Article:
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    I get frequent calls and emails from people who are still working, but are struggling, and are considering Social Security disability.

    Depending upon a person's individual circumstances, this is typically what I say to those who are currently working, but are exploring the disability process:

It is hard to plan for disability. It is unfortunately an imperfect process. Please bear in mind these things:

First, there is no disability from Social Security if you are working, and earning more than $1,090 per month (which is the level of "substantial gainful activity"). So you must have stopped working to apply. I typically suggest that people who are still working should keep working as long as possible.

Second, Social Security does not pay for the first 5 full calendar months of disability. So you need to be prepared financially for 6 months, at a minimum, of little or no income after you stop working. 

Third, not being able to perform your past work is not enough to qualify for disability benefits. Depending upon your age, Social Security will look at your ability to perform other work, including work that is sedentary, unskilled, and not demanding mentally. This work includes jobs that many people would perhaps never consider.

Lastly, you need to be able to back up the functional limitations that prevent you from working with significant medical evidence, preferably including opinions from your treating doctor(s).

 
That may be too blunt. But it reflects the reality of the disability process today. Disability has to be a last resort.

Two administrative law judges are departing the Portland Office of Disability Adjudication and Review (ODAR).

Judge Vickie Evans departs this month. She is transferring to the Mobile, Alabama ODAR, where she will be the Chief ALJ. I wish her well.

Judge John F. Edwards has retired. Hearings already scheduled for Judge Edwards will be heard by other ALJs. I wish him well.

Social Security has issued a new rule regarding the production of medical evidence for Social Security disability cases. Entitled Submission of Evidence in Disability Claims, the rule makes several changes in the regulations effective April 20, 2015.

If you are practicing in this area of law, you have to read the new rule. It is likely to affect your practice and your procedures.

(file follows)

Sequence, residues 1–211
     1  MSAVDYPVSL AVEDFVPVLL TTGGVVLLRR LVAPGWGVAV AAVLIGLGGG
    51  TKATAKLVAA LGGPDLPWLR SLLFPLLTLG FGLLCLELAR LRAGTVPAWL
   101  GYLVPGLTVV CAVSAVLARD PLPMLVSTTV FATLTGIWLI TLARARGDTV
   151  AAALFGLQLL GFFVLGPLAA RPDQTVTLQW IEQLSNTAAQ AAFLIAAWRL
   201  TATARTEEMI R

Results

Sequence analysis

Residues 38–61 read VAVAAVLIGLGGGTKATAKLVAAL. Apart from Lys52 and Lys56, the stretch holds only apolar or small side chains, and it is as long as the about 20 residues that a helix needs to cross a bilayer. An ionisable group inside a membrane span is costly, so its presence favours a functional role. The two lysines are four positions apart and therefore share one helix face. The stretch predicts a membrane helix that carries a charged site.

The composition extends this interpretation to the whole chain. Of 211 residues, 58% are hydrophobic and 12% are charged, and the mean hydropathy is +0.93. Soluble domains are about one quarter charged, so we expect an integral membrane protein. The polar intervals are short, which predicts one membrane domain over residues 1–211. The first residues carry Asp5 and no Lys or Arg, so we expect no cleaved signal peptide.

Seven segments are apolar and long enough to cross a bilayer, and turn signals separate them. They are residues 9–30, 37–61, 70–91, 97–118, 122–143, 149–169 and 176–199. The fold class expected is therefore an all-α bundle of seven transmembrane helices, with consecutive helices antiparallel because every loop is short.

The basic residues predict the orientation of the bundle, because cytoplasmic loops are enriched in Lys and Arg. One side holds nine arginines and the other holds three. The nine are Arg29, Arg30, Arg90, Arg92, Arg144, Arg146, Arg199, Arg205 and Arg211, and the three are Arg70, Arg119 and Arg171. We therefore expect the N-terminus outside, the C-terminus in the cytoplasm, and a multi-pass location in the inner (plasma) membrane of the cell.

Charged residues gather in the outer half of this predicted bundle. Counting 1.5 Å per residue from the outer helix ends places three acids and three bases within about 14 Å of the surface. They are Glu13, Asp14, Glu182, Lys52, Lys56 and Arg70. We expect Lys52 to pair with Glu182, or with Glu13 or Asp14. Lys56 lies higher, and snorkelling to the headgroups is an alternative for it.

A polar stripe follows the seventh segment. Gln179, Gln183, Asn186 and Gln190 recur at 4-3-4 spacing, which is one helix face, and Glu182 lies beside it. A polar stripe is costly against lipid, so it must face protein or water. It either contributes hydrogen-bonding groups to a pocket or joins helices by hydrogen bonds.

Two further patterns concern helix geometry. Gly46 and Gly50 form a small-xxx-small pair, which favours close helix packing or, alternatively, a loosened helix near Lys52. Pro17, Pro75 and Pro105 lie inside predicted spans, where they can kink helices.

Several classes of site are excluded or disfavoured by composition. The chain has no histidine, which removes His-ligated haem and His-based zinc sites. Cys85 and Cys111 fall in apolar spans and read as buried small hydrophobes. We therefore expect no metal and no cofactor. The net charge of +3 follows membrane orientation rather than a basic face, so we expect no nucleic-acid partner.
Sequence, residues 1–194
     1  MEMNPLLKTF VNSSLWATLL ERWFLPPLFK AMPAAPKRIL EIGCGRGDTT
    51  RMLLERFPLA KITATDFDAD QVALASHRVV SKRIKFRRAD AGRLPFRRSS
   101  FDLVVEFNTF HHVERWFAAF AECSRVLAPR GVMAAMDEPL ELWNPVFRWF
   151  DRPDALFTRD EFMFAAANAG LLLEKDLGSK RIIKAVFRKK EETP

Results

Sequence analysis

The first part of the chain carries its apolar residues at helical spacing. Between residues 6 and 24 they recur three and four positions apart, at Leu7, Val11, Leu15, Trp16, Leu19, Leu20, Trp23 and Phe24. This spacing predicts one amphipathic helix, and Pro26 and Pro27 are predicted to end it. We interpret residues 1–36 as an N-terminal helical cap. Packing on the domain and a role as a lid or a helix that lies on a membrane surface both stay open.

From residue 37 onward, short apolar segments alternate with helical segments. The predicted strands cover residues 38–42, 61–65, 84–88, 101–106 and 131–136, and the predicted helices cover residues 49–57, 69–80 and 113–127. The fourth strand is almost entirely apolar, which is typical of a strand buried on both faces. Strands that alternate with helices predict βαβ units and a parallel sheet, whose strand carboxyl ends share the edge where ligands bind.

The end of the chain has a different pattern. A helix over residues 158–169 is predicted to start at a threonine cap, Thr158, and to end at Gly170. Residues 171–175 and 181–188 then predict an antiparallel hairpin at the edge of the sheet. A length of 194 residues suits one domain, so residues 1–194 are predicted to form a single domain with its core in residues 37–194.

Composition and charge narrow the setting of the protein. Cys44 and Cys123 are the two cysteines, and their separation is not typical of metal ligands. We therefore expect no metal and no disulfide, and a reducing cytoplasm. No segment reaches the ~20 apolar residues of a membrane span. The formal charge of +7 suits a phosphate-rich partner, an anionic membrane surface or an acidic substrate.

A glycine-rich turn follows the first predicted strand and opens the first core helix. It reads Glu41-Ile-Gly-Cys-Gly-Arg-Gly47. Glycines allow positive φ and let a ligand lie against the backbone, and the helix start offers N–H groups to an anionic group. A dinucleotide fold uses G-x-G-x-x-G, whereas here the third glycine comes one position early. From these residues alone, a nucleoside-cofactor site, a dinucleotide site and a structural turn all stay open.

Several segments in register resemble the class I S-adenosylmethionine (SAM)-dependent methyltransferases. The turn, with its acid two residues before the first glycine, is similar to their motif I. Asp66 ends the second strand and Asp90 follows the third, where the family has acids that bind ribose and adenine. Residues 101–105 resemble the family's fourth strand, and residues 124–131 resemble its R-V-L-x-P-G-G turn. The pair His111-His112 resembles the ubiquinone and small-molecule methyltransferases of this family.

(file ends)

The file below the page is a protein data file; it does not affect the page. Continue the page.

There is a good article discussing the new rule written by Delaware Social Security lawyer Steven Butler.

One notable change is that any and all medical source statements and opinions from treating doctors must be submitted. The rule is explicit that medical source statements do not fall within the attorney work product exception. That should give you pause before you ask all treating providers for opinions.

Those of us practicing in this area will be hearing more about this rule, so stay tuned. 

Trial work is a concept that applies to people already entitled to Title II disability benefits. Sometimes Title II recipients will attempt to return to work to see how it goes. Social Security encourages this, and allows a 9-month period for a person to still receive disability benefits while testing his or her ability to work. However, this trial work can be a trap for the unwary.

Some recipients try working part-time, and may earn less than the SGA amount. They assume their disability benefits will not be affected by this part-time work. After all, they were allowed earn that much when they applied for disability benefits. But the trial work amount is quite a bit less than SGA, and this can cause problems for people who earn more than the trial work amount, and do not keep track of their months of trial work.

After 9 months of trial work, Social Security can terminate your benefits if you reach the level of SGA. The 9 months of trial are not necessarily consecutive, so a few months here and there of part-time employment can consume the trial work period. The SSA looks at a rolling five-year period for trial work, so that 9th month of trial work can sneak up on you.

Here is what to do to about trial work: 

First, be aware of the the trial work issue.